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ARAG’s message to the market and to the brokers who support its policyholders is clear - in times like these, it’s more important than ever to have some sort of legal protection. It’s not just about chasing debts or getting clarity on your position if there’s a genuine dispute. If legal action is necessary to resolve a problem, the cost of engaging a solicitor could easily outweigh the value of the claim you’re pursuing.

Unfortunately, she said, making staff redundant is another legal minefield that many SMEs may have to navigate, in the coming months. This isn’t a process that most business owners should undertake without professional help.

“It’s particularly difficult because companies are typically only making redundancies because they need to cut costs, but getting it wrong can end up being much more expensive,” she said. “So often you’ll hear about a business that had to make a small number of redundancies, but simply ended up unfairly dismissing the people in those roles, because a proper process wasn’t followed. The last thing any SME needs now, is an employment tribunal claim that could weigh over them for years, compounded further by current court backlogs.”

ARAG and its broker partners are aware that the tough economic conditions are forcing businesses to cut corners – with non-mandated insurance coverages often the first to come under scrutiny. But Wilmot emphasises that non-mandated does not mean non-essential.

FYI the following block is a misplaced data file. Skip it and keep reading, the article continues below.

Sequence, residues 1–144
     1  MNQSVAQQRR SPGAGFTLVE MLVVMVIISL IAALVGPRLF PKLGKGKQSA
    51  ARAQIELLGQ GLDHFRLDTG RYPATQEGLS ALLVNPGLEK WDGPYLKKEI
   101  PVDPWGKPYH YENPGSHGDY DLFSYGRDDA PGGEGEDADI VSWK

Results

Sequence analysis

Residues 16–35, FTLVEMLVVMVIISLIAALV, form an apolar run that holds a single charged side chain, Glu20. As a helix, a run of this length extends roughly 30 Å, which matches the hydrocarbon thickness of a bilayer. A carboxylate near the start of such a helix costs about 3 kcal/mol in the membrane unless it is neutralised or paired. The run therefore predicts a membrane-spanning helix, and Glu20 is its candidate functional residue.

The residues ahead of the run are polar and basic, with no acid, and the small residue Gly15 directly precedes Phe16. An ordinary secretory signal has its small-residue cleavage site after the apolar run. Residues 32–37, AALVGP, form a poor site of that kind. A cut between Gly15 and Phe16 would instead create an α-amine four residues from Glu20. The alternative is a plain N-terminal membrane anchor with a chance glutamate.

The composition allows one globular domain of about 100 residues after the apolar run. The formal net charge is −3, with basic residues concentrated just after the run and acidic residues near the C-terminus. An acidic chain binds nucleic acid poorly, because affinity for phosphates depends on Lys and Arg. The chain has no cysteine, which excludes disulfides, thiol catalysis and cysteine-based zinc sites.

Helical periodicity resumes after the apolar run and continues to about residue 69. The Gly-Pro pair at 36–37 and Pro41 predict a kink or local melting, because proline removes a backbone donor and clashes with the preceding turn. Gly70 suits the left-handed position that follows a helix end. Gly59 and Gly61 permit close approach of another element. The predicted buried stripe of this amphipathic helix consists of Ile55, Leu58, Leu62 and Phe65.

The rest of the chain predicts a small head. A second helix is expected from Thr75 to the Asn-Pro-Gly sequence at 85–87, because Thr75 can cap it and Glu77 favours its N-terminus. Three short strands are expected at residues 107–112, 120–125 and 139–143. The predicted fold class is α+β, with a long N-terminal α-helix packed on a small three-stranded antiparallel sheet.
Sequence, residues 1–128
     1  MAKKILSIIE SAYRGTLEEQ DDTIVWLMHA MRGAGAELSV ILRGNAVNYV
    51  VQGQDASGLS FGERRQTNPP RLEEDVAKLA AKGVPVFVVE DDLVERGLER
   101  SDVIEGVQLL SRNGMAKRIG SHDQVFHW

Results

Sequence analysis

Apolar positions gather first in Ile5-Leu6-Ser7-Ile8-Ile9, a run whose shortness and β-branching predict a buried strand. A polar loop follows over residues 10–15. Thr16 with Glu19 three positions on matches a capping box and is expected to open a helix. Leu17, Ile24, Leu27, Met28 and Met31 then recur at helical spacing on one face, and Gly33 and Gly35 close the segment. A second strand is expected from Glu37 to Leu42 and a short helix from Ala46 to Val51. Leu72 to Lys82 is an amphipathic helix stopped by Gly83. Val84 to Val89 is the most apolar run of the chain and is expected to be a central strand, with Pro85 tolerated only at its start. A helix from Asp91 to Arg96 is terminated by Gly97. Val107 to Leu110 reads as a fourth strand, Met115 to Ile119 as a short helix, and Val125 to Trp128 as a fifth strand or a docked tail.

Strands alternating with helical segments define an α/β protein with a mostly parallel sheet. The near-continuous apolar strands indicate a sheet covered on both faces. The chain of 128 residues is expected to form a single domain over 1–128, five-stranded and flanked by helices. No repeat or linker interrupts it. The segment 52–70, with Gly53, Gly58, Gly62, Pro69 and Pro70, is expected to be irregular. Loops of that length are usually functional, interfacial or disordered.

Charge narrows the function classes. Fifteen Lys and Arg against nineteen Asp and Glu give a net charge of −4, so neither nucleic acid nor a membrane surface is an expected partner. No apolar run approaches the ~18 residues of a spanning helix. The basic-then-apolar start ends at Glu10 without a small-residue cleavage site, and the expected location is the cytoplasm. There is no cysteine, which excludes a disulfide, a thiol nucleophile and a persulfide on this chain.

“LEI might seem like an easy cover to cut,” she said. “But, in these times, it might be one of the most beneficial things you could spend your money on. Not just for the coverage itself and the protection it offers but also the range of support and services included, services most small businesses could not otherwise hope to afford.”

ARAG’s legal advice helpline is the most obvious of these ‘day-one’ policy benefits, and allows all ARAG policyholders to call a lawyer on any legal matter affecting the business. The helpline also covers tax advice, she said, providing an easy way to get quick answers to questions about anything from VAT to PAYE.

Perhaps less well-known is the counselling helpline, she said, available to employees throughout the insured business, that staff can call upon to discuss any personal issue that may be causing them concern. Additional benefits also include support from ARAG’s Legal Services Website with drafting key documents including debt recovery letters and payment plans that prevent the escalation of a claim.

“Making use of any of these additional services would probably justify the LEI premium alone, for most businesses.” added Wilmot “Legal expenses insurance isn’t something any SME should really do without at the moment, but we find it is the benefits policyholders can access from day-one, even if they never have to make a claim, that keeps LEI on the list of essential covers.”

Find out more about the full range of LEI products and services available from ARAG today.

Disclaimer - all information in this article was correct at time of publishing.